Photo Caption: A cold New Year’s Day drew a large number of homeless and less fortunate to the Alex Taylor School/E4C Gymnasium for a free meal.
Rare New Year’s Day meal served
While many organizations in Edmonton host Christmas day meals, the New Year’s celebration hosted by the Bissell Centre at the Alex Taylor School/E4C Gymnasium is a rare occurrence. The Bissell has held this celebration for over two decades and is aided by over 50 volunteers as well as businesses and organizations. Roger Sarna of Palace Banquets has been cooking the meal for the last 15 years and provided all the ham this year; Saroj Saher has been coordinating all of the desserts for the past 17 years; and Brian Blacklock, owner of Pagasus Paper, has supplied paper plates, cutlery, napkins, salt and pepper, take away containers, for the past several years. “This is the first day of the new year and potentially someone’s fresh start,” said Mark Holmgren, Bissell Centre’s interim CEO. “It’s a day that our community members look forward to! It is our way to celebrate new beginnings, and we very much enjoy bringing the community together to share a warm meal and excitement for the New Year ahead.”
More services offered for less fortunate
Boyle Street Community Services has switched over to its seven-day a week, 15 hours a day winter mode. The additional hours were recently implemented and already the numbers of people accessing services are so high that there is an overwhelming need for warm items of clothing such as toques, gloves, scarves and socks. Despite many generous donations, Boyle Street’s supplies are dwindling, said Communications Manager Lance Beswick, and the agency is hoping that there are more donors out there who can help our homeless clients keep warm as temperatures continue to fall.
University launches Mountain Institution
A new undergraduate certificate program will be set up in 2012 at the University of Alberta, which will allow students to get an ad-on to their degree by doing intensive interdisciplinary mountain studies work. A conference planned by the university for December, Thinking Mountains, will kick-start the new institute spearheaded by the Canadian Mountain Studies Initiative, which is based at the Edmonton university. Some 25 scholars spanning everything from glaciology to film studies, ecology to First Nations’ history, and human kinesiology to gender studies, have come together to form what they hope will be an “epicentre for mountain studies,” alpine historian Zac Robinson told Pique News Magazine. Their intent is to bind together studies of science, anthropology and culture into one giant dialogue about mountains — not just the Rockies, but mountains world-wide, said Robinson, one of the initiative’s participating faculty.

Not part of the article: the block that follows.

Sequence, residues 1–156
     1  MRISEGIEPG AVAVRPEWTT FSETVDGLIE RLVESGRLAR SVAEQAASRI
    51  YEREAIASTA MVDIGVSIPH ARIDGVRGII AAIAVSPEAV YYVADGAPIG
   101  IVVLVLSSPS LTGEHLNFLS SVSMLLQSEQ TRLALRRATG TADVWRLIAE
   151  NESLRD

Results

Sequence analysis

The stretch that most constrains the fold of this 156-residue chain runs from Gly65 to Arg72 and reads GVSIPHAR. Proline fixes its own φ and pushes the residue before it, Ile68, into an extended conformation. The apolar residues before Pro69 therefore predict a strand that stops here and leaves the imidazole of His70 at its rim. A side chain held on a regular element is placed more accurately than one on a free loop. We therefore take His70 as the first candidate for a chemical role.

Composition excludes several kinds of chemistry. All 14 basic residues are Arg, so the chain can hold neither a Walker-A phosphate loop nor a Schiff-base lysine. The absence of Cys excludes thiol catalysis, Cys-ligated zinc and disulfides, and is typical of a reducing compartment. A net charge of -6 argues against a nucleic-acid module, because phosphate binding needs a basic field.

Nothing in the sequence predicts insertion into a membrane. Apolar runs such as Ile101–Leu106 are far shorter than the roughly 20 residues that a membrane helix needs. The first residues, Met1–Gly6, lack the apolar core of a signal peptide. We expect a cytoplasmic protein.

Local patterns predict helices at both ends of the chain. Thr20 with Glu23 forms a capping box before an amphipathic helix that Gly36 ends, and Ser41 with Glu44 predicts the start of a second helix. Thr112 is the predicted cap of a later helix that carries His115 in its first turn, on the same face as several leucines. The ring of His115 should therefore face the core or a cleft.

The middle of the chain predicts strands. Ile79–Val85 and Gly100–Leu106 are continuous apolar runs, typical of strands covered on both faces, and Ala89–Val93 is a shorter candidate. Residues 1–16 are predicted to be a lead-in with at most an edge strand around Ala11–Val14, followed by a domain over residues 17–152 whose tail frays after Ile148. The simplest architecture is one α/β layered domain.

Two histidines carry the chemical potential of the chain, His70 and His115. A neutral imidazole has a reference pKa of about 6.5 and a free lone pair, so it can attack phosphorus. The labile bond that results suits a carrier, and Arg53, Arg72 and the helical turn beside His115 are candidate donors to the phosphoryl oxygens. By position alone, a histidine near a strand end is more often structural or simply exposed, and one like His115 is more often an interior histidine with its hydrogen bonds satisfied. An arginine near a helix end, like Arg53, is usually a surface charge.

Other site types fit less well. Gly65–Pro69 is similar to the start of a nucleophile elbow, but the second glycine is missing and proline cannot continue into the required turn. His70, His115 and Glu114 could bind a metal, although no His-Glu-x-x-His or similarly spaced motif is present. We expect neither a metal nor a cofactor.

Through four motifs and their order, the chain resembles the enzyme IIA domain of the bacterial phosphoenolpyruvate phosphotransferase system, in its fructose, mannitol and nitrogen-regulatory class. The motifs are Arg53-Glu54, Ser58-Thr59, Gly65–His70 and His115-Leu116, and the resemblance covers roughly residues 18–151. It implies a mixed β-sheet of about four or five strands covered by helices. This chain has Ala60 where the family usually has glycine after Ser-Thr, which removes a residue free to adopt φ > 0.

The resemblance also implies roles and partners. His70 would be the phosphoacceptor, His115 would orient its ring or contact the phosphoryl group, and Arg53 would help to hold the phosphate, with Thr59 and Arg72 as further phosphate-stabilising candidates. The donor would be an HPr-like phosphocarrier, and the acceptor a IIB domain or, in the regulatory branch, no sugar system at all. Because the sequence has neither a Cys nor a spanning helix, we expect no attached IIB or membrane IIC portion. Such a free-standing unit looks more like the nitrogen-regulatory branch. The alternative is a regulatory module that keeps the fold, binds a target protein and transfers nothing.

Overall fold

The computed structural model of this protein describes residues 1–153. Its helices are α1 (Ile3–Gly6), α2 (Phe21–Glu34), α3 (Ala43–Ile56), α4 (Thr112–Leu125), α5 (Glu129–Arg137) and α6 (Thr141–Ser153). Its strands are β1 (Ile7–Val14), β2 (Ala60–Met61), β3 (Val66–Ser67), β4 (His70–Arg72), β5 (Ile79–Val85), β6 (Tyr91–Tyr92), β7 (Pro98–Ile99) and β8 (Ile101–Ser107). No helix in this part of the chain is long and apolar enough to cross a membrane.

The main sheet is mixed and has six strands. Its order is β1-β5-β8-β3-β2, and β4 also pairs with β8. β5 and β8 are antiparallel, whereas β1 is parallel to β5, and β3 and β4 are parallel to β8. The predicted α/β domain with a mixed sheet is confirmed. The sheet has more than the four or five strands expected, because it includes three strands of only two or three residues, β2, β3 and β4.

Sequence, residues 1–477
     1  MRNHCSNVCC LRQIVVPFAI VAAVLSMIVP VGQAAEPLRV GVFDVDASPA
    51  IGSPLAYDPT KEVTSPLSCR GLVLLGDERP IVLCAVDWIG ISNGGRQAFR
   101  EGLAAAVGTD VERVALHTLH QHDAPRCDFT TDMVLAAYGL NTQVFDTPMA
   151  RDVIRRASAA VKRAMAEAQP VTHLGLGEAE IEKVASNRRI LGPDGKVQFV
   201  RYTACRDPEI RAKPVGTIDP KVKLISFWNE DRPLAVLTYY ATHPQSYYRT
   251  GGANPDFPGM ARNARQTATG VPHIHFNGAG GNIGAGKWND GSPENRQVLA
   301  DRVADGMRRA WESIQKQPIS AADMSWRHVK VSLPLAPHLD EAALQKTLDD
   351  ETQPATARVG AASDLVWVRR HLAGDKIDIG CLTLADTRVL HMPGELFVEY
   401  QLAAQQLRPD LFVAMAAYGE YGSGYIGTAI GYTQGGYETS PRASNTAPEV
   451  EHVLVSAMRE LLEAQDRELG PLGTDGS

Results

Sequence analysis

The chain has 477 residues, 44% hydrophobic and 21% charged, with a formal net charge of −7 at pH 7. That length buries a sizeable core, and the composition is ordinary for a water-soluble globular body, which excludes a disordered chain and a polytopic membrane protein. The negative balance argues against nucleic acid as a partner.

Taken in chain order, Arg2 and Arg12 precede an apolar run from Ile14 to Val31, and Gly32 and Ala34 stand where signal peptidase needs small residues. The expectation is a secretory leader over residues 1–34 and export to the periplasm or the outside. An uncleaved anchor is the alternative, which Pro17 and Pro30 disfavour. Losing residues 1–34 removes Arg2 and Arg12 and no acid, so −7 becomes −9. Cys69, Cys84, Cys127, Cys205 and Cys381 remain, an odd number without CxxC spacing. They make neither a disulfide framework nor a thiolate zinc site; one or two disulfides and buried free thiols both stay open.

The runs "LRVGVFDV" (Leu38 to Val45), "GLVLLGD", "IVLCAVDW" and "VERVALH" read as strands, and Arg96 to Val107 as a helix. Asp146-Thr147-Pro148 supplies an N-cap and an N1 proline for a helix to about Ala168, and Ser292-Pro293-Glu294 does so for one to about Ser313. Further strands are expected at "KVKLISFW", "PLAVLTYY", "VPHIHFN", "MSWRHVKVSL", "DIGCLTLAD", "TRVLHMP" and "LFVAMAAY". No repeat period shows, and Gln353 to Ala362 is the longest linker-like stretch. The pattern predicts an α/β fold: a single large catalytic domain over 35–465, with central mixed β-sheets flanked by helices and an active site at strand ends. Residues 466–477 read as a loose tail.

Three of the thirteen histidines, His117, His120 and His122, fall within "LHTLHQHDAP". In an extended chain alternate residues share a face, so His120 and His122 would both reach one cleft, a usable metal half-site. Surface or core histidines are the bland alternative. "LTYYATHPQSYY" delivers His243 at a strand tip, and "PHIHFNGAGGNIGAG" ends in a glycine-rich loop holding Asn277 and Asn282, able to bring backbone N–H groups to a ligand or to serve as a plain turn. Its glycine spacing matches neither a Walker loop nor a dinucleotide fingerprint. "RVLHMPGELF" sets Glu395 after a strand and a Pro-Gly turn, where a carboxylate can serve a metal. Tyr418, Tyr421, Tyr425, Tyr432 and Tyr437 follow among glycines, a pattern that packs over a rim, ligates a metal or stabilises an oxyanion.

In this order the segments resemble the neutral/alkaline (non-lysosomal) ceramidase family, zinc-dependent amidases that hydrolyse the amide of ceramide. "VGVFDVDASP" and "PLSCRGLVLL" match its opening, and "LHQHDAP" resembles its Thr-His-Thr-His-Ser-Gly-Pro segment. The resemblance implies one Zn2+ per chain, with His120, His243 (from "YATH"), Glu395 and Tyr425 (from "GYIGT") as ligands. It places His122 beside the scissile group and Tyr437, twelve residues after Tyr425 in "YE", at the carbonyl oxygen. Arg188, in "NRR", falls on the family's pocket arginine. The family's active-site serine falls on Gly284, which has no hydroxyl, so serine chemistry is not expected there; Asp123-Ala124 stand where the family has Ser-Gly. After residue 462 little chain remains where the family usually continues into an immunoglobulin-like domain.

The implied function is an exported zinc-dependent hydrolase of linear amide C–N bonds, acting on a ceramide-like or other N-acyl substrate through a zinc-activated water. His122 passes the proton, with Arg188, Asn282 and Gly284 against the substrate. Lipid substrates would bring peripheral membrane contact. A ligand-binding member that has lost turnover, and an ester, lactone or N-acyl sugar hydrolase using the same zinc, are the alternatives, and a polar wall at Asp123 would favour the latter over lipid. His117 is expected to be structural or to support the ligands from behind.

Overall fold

Conference centres on lost love
The Institute for the Advancement of Aboriginal Women will be hosting the Love Conference in February. The conference deals with love that has been stripped away because of family violence, negative residential school experiences, addictions or other personal traumas. Through comprehensive workshops the conference is designed to be interactive and the skills obtained from them can be utilized in everyday living. The Love Conference will raise awareness about forming healthy and compassionate communities by placing emphasis on the needs of Aboriginal families. Organizers estimate that approximately 200 delegates from across Alberta and Canada will attend, including Aboriginal women, business leaders, innovators from the corporate sector, government, associations, educational institutions, healthcare professionals, and non-profit organizations.
Turkeys donated for Christmas meal
On Christmas Eve, 90 frozen turkeys were delivered to families in Hobbema. The gift came courtesy of the employees of Costco in northwest Edmonton. Management traditionally offers turkeys to staff and staff chooses to take home the turkey or to donate it. Costco store manager Derek Campbell contacted the Edmonton Sun and was connected with Samson Cree Nation councillor Kirk Buffalo. “This will be ideal for our Elders and some of our larger families who are on income support. It’s unbelievable,” Buffalo told the Sun. “Things like this show the true meaning of Christmas.”
Compiled by Shari Narine